Putting wood or agricultural waste-derived sustainable aviation fuel (SAF) on an equal footing with conventional fossil fuel-based options will require reductions in production costs. An efficient process for the extraction and deconstruction of lignin from these starting materials offers a route to the attainment of cost-competitive SAF.

An innovative biomass pretreatment technology advanced by researchers from U.S. National Renewable Energy Laboratory, U.S. Oak Ridge National Laboratory, University of California Riverside and the University of Tennessee provides a path for cost-containment in SAF production. The co-solvent enhanced lignocellulosic fractionation (CELF) process adds tetrahydrofuran to water and dilute acid during biomass pre-treatment, efficiently fractionating biomass into clean hemicellulose sugars, cellulose and lignin intermediates. These components are then processed by diverse downstream conversion technologies to yield alcohols, esters, carboxylic acids and hydrocarbons as co-products.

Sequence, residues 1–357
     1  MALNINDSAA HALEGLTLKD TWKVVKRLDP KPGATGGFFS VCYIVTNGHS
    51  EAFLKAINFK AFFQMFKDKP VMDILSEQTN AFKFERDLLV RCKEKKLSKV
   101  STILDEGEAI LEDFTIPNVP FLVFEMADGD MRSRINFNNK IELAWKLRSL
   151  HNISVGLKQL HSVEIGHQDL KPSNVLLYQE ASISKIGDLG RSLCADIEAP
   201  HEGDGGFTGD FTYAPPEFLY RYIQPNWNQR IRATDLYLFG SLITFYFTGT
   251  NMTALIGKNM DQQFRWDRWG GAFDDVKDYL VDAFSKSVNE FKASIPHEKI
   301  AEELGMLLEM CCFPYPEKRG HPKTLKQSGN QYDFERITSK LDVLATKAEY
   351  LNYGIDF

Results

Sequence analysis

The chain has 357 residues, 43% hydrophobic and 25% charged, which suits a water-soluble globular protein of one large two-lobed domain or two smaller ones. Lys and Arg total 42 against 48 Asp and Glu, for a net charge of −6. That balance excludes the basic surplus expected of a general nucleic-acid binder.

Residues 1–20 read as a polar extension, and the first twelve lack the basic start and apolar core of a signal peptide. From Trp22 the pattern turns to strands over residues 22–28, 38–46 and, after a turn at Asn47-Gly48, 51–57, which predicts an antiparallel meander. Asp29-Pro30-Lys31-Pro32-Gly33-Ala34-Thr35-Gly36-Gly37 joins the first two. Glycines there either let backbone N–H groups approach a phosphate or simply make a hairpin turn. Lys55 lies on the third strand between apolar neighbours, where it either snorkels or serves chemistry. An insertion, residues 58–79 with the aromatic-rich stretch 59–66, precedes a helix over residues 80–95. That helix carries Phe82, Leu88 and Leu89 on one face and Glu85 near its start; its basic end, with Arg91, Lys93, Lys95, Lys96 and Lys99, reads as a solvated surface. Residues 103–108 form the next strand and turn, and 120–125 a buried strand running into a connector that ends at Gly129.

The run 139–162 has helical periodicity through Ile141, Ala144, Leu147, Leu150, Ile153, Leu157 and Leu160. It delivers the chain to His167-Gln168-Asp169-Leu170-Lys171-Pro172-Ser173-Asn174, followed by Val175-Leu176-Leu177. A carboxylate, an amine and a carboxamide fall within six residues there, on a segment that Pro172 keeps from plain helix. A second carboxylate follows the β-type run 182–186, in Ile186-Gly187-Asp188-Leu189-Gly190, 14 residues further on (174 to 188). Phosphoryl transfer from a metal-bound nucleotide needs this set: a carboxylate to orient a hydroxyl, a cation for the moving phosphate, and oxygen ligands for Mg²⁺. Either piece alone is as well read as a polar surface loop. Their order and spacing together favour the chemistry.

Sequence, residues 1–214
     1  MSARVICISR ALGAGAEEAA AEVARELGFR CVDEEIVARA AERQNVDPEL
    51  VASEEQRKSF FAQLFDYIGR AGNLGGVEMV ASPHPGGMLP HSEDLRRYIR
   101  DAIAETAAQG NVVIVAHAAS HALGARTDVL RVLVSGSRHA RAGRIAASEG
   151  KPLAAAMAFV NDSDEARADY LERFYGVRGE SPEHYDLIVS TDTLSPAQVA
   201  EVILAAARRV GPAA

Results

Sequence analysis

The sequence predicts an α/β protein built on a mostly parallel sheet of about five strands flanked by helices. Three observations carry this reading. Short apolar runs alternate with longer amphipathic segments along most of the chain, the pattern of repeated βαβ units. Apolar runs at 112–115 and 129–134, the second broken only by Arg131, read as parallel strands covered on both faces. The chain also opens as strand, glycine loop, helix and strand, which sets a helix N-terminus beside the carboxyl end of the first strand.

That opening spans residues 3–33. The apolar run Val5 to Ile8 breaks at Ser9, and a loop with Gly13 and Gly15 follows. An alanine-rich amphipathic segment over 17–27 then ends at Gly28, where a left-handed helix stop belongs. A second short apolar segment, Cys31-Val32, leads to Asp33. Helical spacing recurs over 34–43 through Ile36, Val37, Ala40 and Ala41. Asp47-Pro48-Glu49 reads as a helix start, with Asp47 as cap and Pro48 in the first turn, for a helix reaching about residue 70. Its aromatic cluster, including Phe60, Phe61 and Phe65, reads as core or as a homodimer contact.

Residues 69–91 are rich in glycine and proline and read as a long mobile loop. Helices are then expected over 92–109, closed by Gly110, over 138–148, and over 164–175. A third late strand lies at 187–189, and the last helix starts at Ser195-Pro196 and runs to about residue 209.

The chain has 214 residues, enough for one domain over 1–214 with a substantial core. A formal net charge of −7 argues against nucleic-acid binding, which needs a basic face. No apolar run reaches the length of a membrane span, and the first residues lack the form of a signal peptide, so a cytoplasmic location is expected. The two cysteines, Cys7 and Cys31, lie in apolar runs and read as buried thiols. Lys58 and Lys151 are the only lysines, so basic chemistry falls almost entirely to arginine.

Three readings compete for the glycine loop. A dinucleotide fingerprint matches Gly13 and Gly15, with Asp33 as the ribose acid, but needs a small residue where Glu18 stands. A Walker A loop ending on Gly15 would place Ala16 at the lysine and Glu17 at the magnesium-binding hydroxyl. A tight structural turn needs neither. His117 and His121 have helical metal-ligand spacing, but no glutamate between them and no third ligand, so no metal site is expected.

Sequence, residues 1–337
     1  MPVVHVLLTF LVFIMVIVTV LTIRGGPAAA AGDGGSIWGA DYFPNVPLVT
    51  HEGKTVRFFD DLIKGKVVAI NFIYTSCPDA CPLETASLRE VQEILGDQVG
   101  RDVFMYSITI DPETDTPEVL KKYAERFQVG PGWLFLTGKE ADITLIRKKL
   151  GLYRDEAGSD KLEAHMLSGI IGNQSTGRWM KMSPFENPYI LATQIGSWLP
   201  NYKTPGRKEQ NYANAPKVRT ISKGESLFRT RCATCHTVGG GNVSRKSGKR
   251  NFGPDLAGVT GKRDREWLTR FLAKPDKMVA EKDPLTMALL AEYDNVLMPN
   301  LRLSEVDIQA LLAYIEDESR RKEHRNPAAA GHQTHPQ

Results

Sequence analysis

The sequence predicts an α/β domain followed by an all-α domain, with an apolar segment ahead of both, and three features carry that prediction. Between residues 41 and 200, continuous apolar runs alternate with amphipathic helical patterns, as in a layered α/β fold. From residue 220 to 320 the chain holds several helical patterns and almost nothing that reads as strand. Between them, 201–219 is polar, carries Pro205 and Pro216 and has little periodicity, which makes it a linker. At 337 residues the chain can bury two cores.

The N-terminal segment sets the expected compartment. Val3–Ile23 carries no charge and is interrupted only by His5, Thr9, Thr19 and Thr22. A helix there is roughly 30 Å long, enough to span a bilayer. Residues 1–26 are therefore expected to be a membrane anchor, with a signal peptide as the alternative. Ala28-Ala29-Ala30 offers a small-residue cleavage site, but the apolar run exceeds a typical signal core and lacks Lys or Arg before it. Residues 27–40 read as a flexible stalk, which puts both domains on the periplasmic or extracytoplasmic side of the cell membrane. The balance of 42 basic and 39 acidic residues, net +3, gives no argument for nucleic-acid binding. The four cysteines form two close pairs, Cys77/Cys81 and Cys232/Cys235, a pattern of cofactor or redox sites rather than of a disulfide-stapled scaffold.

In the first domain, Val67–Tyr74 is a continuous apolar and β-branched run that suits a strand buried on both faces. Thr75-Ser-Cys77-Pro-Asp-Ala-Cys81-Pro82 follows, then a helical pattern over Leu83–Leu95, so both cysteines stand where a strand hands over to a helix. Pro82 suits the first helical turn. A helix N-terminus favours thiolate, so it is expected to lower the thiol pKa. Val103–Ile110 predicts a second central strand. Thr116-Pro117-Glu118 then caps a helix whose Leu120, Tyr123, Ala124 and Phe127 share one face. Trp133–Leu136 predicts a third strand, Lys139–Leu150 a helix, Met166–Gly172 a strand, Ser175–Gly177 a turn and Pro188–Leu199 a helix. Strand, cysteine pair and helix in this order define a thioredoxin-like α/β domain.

As the CELF biorefining technology can more fully exploit plant matter than available methods, heavier, denser wood-based feedstocks are preferable over less carbon-dense corn stover for yielding greater economic and environmental benefits. By processing poplar wood in a CELF biorefinery, the researchers demonstrated that sustainable aviation fuel could be manufactured at a break-even price as low as $3.15 per gallon of gasoline equivalent. The current average cost for a gallon of jet fuel in the U.S. is $5.96.

CELF is also envisioned for use in the manufacture of renewable chemicals, which could serve as building blocks for bioplastics and food flavoring compounds. An additional benefit of the process described in Energy & Environmental Science is a reduced carbon footprint relative to current biorefining technologies.

To contact the author of this article, email shimmelstein@globalspec.com